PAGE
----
Well Valencia managed to exceed all my expectations! It was more beautiful than I imagined, had more places to eat than my stomach was prepared for, felt more inspiring than I anticipated, and with the exception of Berlin, held more street art than was possible to see in one trip.
There’s something for everyone in Spain’s 3rd largest city – a place where historical buildings merge beautifully with modern architecture, and where the heart of this city truly lies in its appetite for good food.
If you’re looking to learn more about Valencia, I’ve put together this summary of attractions which will hopefully inspire you to visit and do some of these things yourself.
1. Marvel at the City of Arts and Sciences
My jaw fell to the ground as soon as I clapped eyes on the spectacularly modern City of Arts and Sciences – a futuristic architectural delight comprising of an opera house, museums, an aquarium and more – designed by local boy and celebrated Valencian architect Santiago Calatrava.
The City of Arts and Sciences is Valencia’s most emblematic attractions and one of the 12 Treasures of Spain. Needless to say, you really cannot come to this city without exploring this imaginative feat of design and culture.
2. Potter Through the Old Town
In contrast to the City of Arts and Sciences is the Old Town. The centre of the Ciutat Vella is very well preserved, and looks something like an open air museum with impressive monuments and intricate facades. All the cobbled streets, narrow alleyways and eclectic architectural shapes tell the story of bygone years.
You will surely visit the main square, Plaza de la Virgen, made notable with the Fountain of Turia in the middle. When the crowds aren’t too big, this is a great place to come for photo opportunities since it encompasses the fountain and many of the city’s most iconic buildings: the Valencia Cathedral, the Miguelete Tower and the Basilica de la Virgen de los Desamparados.
3. Get a taste of local life at Central Market
What better way is there to get an impression of local life than at the local food market? Upon entering the building, the first thing to notice is the sheer scale and size of the market itself, with ornate iron vaulted beams, hand painted patterned tiles of all hues, and so much light streaming in. Make sure to look up at the intricate glass domes 30 metres high with stained glass patterns depicting Valencian fruit, the main stay of the areas produce and international exports for hundreds of years.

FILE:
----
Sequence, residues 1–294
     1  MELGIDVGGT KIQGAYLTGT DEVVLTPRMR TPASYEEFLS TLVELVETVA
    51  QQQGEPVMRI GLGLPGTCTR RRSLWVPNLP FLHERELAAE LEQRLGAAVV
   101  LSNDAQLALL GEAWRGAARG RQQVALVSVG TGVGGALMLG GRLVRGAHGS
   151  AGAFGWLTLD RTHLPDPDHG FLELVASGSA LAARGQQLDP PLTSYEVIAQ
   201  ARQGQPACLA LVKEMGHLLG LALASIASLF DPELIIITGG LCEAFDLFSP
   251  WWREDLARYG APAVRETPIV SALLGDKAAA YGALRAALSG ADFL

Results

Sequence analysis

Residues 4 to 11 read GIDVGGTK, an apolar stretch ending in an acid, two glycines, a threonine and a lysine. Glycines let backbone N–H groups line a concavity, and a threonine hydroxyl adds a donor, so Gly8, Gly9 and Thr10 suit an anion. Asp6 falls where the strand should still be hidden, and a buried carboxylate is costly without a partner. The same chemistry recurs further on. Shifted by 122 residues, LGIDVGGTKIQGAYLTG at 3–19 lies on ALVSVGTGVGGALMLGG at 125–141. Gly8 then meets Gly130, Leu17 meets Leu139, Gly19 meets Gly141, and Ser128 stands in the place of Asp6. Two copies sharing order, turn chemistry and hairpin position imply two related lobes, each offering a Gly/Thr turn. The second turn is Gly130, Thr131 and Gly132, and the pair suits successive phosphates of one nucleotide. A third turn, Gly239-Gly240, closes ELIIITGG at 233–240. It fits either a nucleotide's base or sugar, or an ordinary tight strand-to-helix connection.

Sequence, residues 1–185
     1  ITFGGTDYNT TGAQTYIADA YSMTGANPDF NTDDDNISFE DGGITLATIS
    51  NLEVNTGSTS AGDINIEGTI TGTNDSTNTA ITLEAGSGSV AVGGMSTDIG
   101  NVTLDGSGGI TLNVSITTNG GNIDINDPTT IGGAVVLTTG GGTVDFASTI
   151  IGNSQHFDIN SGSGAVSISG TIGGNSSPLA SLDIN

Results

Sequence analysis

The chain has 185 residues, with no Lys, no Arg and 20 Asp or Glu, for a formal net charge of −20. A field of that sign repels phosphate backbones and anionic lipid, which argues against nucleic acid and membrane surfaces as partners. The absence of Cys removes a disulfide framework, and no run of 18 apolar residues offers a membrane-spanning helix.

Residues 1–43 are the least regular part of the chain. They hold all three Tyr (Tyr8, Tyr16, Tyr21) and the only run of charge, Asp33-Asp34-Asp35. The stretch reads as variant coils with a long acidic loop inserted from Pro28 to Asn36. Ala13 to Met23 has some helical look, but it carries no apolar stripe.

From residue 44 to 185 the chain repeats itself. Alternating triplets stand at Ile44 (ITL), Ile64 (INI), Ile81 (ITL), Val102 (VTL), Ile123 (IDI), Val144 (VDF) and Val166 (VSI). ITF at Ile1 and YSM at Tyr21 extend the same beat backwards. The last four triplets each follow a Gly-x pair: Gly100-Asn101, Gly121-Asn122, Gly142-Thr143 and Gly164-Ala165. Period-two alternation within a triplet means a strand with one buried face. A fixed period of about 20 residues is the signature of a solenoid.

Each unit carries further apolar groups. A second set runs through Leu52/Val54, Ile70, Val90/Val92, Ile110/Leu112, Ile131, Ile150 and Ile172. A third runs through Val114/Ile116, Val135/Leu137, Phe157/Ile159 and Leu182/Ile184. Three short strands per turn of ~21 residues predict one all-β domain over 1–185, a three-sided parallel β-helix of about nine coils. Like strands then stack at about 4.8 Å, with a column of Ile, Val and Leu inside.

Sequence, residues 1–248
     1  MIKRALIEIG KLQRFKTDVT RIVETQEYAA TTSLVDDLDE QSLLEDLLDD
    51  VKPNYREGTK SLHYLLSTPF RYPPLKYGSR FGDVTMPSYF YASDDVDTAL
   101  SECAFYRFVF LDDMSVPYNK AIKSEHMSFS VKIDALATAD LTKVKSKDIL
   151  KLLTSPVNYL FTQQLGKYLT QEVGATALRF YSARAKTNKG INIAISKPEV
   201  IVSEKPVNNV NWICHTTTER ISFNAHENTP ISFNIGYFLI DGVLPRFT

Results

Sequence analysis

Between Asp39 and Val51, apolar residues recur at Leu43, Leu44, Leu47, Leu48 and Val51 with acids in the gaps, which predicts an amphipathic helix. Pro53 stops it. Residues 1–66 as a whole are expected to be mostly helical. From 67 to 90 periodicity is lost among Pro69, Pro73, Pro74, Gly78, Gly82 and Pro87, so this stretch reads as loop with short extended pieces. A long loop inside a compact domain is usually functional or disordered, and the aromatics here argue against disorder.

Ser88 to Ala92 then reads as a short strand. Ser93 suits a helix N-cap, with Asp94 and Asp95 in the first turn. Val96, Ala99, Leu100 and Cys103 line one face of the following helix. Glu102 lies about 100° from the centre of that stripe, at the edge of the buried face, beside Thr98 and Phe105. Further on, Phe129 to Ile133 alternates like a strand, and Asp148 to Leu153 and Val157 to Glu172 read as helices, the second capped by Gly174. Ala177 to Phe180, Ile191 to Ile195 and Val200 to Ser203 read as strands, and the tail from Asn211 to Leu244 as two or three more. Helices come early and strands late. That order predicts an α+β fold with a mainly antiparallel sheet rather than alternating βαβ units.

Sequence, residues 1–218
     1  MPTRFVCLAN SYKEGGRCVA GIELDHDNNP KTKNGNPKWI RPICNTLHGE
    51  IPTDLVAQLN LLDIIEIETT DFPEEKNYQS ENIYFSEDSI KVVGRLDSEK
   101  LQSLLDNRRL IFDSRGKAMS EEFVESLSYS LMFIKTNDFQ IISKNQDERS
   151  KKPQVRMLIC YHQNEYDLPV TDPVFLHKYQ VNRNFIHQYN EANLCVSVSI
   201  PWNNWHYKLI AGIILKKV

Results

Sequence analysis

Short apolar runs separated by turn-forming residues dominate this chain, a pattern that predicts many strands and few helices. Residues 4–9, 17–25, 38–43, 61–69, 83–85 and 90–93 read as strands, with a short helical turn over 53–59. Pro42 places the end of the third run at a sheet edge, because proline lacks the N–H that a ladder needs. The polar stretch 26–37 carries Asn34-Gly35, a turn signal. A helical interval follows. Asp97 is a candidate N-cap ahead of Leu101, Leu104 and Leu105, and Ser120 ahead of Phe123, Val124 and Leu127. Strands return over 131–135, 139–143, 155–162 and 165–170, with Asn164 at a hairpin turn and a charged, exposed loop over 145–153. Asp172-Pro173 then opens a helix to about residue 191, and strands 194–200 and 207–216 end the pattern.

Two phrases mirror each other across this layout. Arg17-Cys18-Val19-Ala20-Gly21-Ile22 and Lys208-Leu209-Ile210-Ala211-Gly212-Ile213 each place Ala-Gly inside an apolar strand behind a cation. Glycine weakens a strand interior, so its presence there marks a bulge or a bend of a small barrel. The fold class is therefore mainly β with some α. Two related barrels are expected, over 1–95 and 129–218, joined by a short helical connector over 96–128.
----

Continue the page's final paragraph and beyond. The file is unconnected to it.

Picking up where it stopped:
This is the perfect place to come for gifts and to try the archetypal tastes of Valencia.
4. Step inside some churches
The Old Town has an incredible number of places of worship and many of them are stunning and worth a look inside, my personal favourite is the majestic Baroque building of Iglesia de San Nicolas, commonly regarded as the Valencian Sistine Chapel. Perhaps it doesn’t quite reach those lofty heights, but it’s definitely a vision to behold, you’ll find it hard to peel your eyes away from the ceiling.
5. Discover Street Art
The street art in Valencia is easily among the best in Europe. Sure, some are nothing more vandalism, but on the other spectrum you’ll find stunning wall murals from the likes of BLU, Erica Il Cane and local boy, Escif.
To see an abundance of street art head to El Carmen, it’s where you’ll find some of the most interesting examples too, especially by Plaça de Tossal and many of the nearby streets.
6. Find the Green Spaces!
You could say the lungs of the city lie in the parks that weave through the city outside from the Old Town. Enjoy yourself at the Botanical gardens, The Royal Gardens and the Turia Gardens which spreads all the way to the City of Art and Sciences. Also home in this futuristic culture complex is L’Umbracle, a striking 320m long and 60m wide landscaped walk with plant species indigenous to Valencia. Right next to this place you’ll also find The Walk of Sculptures, an outdoor gallery showing off contemporary sculptures by local and international artists including – the one and only – Yoko Ono.